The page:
In a follow-up to its February report finding one-third of the seafood tested in the United States is mislabeled according to U.S. Food and Drug Administration (FDA) guidelines, an oceans-protection group says Americans are paying a high price for fish fraud. Oceana, an international group advocating for protection of the world’s oceans, says that swapped species can cost consumers twice as much when cheaper counterparts are sold as premium choices.
Just as horsemeat was sold as beef all over Europe when its price was only about one-fifth that of the more-expensive meat, the new report from Oceana says that seafood fraud is practiced on consumers when less-expensive and less-desirable species are passed off as high-quality fish.
“Swapping a lower-cost fish for a higher-value one is like ordering a filet mignon and getting a hamburger instead,” says report author Margot Stiles. “If a consumer eats mislabeled fish even just once a week, they could be losing up to hundreds of dollars each year due to seafood fraud.”
According to the Oceana study, substitution of a lower-cost species such as tilapia for more-expensive grouper could cost consumers an extra $10 for an eight-ounce filet in a restaurant, and the common substitution of Atlantic farmed salmon for wild Chinook salmon adds another $5 to a restaurant bill. Fish fraud also occurs in grocery stores when cheaper substitutes are used in place of higher-cost fish to rip off about $4 each from consumers, the study says.
Oceana turned to seafood experts and about 300 menus in 12 different cities to come up with its estimates for how much fish substitutions cost consumers.
“Consumers deserve to know their seafood is safe, legally caught, and honestly labeled, including information like where, when and how it was taken out of the ocean, “ Stiles said. “The more information that follows the fish, the harder it will be for fraudsters to rip off American consumers.”
The 23-page Oceana report on fish fraud says part of the problem is that seafood follows a complex path “from boat to plate.” Fish often cross ocean basins and multiple countries before reaching the final point of sale.
Oceana says that each stop in the supply chain is an opportunity for fraud. “Without traceability, or requiring information to follow the fish through the supply chain that is transparent and verifiable, consumers can be subject to fraud at every step the way,” the group says.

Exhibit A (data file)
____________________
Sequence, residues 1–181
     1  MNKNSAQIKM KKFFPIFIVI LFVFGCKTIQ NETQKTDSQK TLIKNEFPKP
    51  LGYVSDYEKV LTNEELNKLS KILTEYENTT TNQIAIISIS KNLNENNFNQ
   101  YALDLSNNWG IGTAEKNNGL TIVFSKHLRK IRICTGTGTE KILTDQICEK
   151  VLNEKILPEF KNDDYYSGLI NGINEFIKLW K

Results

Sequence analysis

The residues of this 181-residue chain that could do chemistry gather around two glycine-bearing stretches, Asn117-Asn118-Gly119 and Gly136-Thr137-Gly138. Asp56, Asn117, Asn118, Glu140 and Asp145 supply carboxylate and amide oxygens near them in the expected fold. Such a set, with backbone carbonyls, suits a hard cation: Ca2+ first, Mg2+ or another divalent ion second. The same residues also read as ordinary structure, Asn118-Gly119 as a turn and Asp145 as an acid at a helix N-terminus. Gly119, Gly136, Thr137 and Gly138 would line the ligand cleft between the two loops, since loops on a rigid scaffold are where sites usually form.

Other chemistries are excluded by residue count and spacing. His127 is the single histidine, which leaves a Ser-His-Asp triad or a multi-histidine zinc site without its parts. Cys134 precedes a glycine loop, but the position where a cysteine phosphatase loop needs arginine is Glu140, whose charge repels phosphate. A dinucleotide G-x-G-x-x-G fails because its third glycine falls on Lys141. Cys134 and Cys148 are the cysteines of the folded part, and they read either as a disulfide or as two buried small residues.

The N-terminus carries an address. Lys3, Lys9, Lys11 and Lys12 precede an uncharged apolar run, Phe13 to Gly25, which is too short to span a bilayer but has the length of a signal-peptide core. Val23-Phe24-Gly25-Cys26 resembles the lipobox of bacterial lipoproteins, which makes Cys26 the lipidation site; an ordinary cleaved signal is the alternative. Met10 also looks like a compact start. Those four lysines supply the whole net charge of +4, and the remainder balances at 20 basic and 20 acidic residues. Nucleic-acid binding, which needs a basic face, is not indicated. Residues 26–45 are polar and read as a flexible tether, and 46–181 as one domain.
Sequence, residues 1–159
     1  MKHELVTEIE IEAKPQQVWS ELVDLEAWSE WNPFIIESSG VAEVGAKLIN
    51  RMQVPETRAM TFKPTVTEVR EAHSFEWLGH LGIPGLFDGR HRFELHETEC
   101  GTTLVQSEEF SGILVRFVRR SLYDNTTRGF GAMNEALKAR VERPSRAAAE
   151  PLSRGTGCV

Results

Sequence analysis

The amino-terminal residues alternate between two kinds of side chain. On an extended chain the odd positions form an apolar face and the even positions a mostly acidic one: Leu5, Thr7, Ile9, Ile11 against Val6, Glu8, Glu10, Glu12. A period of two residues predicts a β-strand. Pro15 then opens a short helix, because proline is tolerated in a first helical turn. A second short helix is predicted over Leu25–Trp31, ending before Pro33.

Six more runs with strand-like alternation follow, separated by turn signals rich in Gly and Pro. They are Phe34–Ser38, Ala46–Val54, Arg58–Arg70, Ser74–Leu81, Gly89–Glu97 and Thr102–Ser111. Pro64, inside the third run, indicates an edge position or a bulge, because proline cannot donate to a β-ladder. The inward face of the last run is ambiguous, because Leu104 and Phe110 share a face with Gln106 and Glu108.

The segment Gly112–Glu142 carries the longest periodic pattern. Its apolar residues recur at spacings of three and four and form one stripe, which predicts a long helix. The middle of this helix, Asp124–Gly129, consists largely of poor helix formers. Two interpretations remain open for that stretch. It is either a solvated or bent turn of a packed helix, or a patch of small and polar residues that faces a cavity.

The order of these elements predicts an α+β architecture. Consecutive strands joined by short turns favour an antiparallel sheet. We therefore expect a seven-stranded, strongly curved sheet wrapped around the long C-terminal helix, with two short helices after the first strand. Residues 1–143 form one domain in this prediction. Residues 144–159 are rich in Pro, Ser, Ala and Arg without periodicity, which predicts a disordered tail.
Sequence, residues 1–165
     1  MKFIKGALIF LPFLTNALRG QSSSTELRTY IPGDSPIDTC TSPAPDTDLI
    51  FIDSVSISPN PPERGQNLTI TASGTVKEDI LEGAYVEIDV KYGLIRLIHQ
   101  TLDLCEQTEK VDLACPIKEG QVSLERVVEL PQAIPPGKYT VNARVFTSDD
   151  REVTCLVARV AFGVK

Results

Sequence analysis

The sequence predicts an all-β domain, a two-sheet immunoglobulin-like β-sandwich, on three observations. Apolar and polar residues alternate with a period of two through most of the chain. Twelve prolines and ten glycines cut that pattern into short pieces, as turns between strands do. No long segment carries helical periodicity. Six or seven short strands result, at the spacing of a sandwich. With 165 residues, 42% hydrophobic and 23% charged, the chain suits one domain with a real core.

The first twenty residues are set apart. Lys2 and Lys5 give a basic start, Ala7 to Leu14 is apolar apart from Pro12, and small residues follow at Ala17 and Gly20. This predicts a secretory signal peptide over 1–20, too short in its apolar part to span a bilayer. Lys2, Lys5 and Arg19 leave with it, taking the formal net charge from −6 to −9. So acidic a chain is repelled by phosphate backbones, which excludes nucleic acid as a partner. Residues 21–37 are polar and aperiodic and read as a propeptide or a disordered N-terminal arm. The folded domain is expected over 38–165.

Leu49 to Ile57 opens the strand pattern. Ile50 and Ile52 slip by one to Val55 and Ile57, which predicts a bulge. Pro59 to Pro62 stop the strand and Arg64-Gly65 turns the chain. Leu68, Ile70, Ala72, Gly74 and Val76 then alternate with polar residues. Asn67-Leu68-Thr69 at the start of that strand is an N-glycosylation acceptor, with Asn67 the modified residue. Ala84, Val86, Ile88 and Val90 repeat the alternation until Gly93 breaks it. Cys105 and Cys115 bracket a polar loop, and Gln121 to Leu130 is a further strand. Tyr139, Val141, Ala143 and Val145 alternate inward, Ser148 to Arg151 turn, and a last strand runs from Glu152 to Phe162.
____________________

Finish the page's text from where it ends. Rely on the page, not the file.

Oceana supports the Safety and Fraud Enforcement for Seafood (SAFE) Act that has been pending in Congress since March. The group says it has more than 500,000 members worldwide.
The fish fraud report also notes that Americans have doubled their seafood consumption in the past 50 years and that some of today’s most popular fish were not even sold in the U.S. until recent years. Freshwater Tilapia, for example, has gone from virtually unknown to the fifth most popular U.S. seafood, mostly in the past decade.
Another indicator is the number of sushi bars in the U.S., which have grown five-fold in the past 10 years. More than 5,000 grocery stores also sell sushi today. In total, Americans are eating about $80 billion worth of fish annually.
Oceana says 1,700 species of fish and shellfish are sold in the U.S. and that most consumers have a difficult time comparing price, quality, origin and other factors. The study found seafood labels often provided inaccurate information and that less-expensive species were often swapped for sought-after fish such as Atlantic cod, red snapper and wild salmon.
Oceana says each desired fish product has one or more less-expensive offerings which are common substitutions. Fish fraud is so common that Oceana says the practice undermines consumers who choose to eat specific fish for health, environmental or religious reasons.
Mislabeling is common, Oceana says, because of the immediate economic incentive combined with little enforcement.
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